The Microwave Humidity Sounder (MHS) is one of the European instruments carried on MetOp. MHS is a five-channel, total power, microwave radiometer designed to scan through the atmosphere to measure the apparent upwelling microwave radiation from the Earth at specific frequency bands. Since humidity in the atmosphere (ice, cloud cover, rain and snow) attenuate microwave radiation emitted from the surface of the Earth, it is possible, from the observations made by MHS, to derive a detailed picture of atmospheric humidity with the different channels relating to different altitudes. Temperature at the surface of the Earth can also be determined.
MHS works in conjunction with four of the American instruments provided by the National Oceanic and Atmospheric Administration (NOAA), namely the Advanced Microwave Sounding Unit–A1 (AMSU-A1), the Advanced Microwave Sounding Unit–A2 (AMSU-2), the Advanced Very High Resolution Radiometer (AVHRR) and the High Resolution Infrared Sounder (HIRS). Along with these instruments, MHS is already in operation on the NOAA-18 satellite, which was launched in May 2005, and it will also form part of the payload on NOAA-N' to be launched in 2008. MHS represents a significant enhancement in performance over the AMSU-B currently flying on the earlier NOAA-15,-16 and -17 satellites.
In conjunction with these American instruments, the MHS instrument will provide improved data for weather prediction models with a resulting improvement in weather forecasting.
The Microwave Humidity Sounder has been designed and developed by Astrium EU in Portsmouth UK, under contract to EUMETSAT.
MHS scans the Earth from left to right, in a vertical plane. Each swath (scan) is made up of 90 contiguous individual pixels (scenes) sampled every 2.67 seconds. The scan is synchronized with the AMSU-A1 and A2 instruments.
Between consecutive scans of the Earth, the MHS also views and samples data from an area of deep space (used as a cold target), and an onboard source (hot target), the data being later used during ground processing for calibration purposes.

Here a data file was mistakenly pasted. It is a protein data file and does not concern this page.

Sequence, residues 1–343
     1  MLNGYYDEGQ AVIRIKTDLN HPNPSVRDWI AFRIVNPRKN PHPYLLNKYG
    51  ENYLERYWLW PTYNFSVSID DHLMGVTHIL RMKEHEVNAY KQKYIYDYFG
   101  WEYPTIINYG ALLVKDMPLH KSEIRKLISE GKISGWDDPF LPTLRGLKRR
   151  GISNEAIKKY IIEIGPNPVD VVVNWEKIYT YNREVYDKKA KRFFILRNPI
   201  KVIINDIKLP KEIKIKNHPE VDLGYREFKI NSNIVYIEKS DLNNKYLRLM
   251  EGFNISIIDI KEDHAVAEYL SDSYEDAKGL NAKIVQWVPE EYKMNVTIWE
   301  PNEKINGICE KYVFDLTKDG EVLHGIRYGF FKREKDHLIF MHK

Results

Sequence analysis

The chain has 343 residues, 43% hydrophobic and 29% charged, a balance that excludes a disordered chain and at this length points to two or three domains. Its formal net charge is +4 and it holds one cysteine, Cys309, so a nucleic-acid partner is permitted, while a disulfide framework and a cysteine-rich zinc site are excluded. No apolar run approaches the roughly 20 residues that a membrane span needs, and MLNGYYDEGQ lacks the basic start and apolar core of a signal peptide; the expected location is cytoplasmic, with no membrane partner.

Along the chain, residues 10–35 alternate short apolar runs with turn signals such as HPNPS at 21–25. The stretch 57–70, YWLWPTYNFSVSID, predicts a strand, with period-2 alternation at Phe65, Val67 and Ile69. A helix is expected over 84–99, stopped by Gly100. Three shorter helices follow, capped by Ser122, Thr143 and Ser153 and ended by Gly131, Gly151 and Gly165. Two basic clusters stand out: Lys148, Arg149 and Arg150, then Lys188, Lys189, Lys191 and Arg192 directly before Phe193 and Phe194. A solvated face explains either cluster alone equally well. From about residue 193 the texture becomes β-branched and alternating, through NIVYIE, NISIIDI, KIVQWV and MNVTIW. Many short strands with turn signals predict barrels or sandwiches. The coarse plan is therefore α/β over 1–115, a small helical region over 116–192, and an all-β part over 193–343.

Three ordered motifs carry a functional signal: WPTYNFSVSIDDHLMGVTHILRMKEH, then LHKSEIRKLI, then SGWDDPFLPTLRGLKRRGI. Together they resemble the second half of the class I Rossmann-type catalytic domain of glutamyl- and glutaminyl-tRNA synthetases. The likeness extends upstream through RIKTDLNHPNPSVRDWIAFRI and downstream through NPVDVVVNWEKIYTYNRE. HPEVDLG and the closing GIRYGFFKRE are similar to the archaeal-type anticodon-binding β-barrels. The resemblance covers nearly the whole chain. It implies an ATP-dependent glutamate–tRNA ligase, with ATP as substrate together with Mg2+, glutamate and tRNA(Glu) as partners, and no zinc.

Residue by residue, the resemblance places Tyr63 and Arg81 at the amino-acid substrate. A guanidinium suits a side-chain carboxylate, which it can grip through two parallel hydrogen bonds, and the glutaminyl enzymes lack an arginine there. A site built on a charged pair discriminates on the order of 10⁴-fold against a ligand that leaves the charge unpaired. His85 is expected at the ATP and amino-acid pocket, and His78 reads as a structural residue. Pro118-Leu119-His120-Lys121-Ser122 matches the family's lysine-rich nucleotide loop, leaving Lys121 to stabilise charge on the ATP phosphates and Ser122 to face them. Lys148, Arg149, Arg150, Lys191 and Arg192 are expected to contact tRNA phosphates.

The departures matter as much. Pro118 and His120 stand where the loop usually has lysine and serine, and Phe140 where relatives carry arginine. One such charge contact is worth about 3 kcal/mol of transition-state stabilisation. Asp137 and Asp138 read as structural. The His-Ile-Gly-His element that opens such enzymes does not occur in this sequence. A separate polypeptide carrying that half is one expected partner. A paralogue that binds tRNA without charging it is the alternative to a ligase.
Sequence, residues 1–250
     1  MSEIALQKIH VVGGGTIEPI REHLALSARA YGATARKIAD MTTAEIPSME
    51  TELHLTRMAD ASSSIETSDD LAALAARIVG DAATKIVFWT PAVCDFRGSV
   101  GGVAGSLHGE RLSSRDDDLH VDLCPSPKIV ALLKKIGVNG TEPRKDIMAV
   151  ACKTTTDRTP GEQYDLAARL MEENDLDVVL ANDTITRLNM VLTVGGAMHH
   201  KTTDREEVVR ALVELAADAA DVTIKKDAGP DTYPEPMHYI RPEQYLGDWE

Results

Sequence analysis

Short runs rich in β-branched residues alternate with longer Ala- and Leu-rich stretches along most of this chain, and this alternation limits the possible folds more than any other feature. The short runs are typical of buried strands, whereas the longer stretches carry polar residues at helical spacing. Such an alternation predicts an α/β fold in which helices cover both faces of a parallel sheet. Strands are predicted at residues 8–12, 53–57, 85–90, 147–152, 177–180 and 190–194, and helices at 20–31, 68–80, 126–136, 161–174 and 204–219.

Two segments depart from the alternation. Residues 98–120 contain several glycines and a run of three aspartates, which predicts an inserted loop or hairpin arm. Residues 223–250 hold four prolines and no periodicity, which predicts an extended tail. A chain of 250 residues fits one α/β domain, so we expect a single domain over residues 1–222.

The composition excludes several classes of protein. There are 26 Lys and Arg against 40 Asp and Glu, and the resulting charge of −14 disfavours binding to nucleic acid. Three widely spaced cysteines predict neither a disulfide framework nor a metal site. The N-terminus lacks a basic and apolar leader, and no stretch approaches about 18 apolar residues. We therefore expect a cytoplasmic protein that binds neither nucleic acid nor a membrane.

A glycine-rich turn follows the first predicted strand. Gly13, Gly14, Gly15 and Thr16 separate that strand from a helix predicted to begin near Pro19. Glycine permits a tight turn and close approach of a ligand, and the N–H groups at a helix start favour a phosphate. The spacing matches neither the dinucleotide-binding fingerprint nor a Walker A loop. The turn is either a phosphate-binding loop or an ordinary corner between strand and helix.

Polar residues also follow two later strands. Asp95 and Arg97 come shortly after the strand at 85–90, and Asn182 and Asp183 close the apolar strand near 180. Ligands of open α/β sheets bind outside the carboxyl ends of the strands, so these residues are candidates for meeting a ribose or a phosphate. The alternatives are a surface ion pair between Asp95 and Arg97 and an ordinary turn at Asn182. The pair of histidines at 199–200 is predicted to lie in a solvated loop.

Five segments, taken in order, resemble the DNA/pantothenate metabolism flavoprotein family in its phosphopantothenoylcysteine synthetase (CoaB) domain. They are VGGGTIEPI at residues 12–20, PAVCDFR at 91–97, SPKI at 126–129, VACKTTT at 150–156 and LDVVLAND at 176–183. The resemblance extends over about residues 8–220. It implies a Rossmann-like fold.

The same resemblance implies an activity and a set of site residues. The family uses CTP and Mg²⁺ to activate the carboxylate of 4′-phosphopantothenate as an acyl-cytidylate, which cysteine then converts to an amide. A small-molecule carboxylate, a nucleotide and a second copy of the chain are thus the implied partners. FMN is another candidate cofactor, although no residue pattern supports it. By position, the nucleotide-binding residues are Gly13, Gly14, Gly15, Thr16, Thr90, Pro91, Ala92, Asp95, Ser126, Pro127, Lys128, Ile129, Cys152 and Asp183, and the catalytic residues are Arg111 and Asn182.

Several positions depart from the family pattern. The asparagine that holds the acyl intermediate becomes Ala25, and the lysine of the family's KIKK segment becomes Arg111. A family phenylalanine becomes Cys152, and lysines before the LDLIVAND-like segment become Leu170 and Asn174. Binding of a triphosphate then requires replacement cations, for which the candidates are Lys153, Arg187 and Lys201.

The MHS has channels in the 89-190 GHz range. Channels at 157 GHz and 183 GHz provide atmospheric humidity data. The 89 GHz channel provides information on surface temperature and emissivity (in conjunction with AMSU-A data) and detects low altitude cloud and precipitation.
The graph shows the frequencies of the five channels and the opacity of the atmosphere for oxygen and water vapour. For example, the difference between high water vapour in one pixel and low water vapour in the next pixel can indicate the boundary of a cloud formation.
These specific channels or frequency bands have been chosen to optimize the amount and type of information obtainable, whilst allowing for varying absorption by the atmosphere at the different MHS frequencies, as can be seen in the graph.
The instrument comprises three main modules:
- Scan mechanism
- Control electronics equipment
These are all mounted in close proximity to each other on an integrated structural assembly. The instrument is mounted externally, on the nadir (Earth-facing) side of the satellite.
To provide an interface between the MHS instrument and the payload module, a separate electronics unit, called the Microwave Humidity Sounder Protocol Conversion Unit (MPU), is used, for handling commands, telemetry and the science data. This unit interfaces with various other equipment in the Payload Module. The MPU has been designed and developed by Alcatel Space Switzerland.
Last update: 29 June 2006